It is Israel's hope emphatically; and no Gentile man or nation can partake of it that is not sprinkled with the blood of the covenant that it sets forth. Even Israel's own nation will partake of it in no sense until "all the people" are sprinkled by the covenant blood; for it is by virtue of that blood alone, that they possess the land to be expelled no more; and as for the righteous dead, it is "by the blood of thy covenant, Ο Messiah, that Yahweh sends forth the prisoners out of the pit, in which there is no water" (Zech. 9:11). But Moses sprinkled the Book and all the people, with a bunch of hyssop and scarlet wool. He had a vessel containing the water and the blood within convenient reach; but where is the blood of the better covenant ? How can access be obtained to it ? How can it be sprinkled upon all the people from age to age, and generation to generation, who shall inherit the hope when the time of its development shall arrive? These are questions easily replied to from the testimony of God. The blood of the covenant was poured out of Jesus' side, bathing his body, and dripping on the dust of Palestine. Had anyone caught the blood in a vessel, and with a bunch of hyssop and scarlet wool sprinkled even believing people around, it would have availed them nothing. It would have been presumptive evidence that those upon whom it was found had been engaged in his murder; but it would have been no proof of their interest in the hope of the covenant which it dedicated. It was, when pouring out, the blood of an unrisen Christ; and therefore, of no then present efficacy.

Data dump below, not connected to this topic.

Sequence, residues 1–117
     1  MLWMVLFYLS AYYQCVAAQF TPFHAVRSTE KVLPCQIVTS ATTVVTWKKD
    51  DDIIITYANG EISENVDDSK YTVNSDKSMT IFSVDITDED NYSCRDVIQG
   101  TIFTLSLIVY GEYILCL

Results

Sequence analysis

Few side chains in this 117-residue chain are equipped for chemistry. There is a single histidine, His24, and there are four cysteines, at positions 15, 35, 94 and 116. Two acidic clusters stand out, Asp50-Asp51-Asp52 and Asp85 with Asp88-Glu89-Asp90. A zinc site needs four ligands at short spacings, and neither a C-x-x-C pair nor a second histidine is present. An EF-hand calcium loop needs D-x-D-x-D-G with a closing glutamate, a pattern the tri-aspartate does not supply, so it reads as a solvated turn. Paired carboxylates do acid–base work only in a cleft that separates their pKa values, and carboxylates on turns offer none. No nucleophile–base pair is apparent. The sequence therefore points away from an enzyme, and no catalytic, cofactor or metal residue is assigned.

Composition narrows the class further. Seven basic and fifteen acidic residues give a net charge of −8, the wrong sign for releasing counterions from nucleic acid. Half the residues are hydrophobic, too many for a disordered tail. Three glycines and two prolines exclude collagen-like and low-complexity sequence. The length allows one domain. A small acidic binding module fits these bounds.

After Jesus had come to life again, and ascended to the Father, the blood which was dried up was nowhere to be found here; nor, if to be found, was it then known to what use it was to be applied. It is evident, therefore, that the existence of, or accessibility to the material blood, is not a question needing to be entertained; and that it was not intended to be used ceremonially, as Moses used the blood of his will. Romish priests pretend to manufacture, or rather, incantate wine into material blood of Christ, which like greedy cannibals they permit none to quaff but their impious selves. But the common use of the covenant blood in sprinkling or drinking was never intended. The blood of the covenant, which sanctifies, is no common or unholy thing. It is too precious to be dispensed indiscriminately in any sense; or to be placed at the disposal of ignorant and fleshly-minded priests. Save the drops that bedewed the dust, Christ took with him his blood to heaven; for "with his own blood he entered in once into the holy place, into heaven itself, now to appear in the presence of God for us." Standing there before the throne, he appeared as a lamb that had been slain, his wool of snowy white, dyed scarlet with his blood. There is the blood of the covenant; not on earth, but in the holiest of all. The blood of the covenant being in heaven, and we upon the earth, there must be some appointed thing as a medium of access to it. The blood is to justify and sanctify, or to cleanse and make holy those who are sprinkled by it. Such are said to stand in the grace of God, rejoicing in hope, of His glory. If then we ascertain how access is obtained into this grace, we also learn how access is obtained to the blood of the covenant. Paul says, "We have access by faith"; a saying which agrees with that of the prophet, "the just shall live by his faith."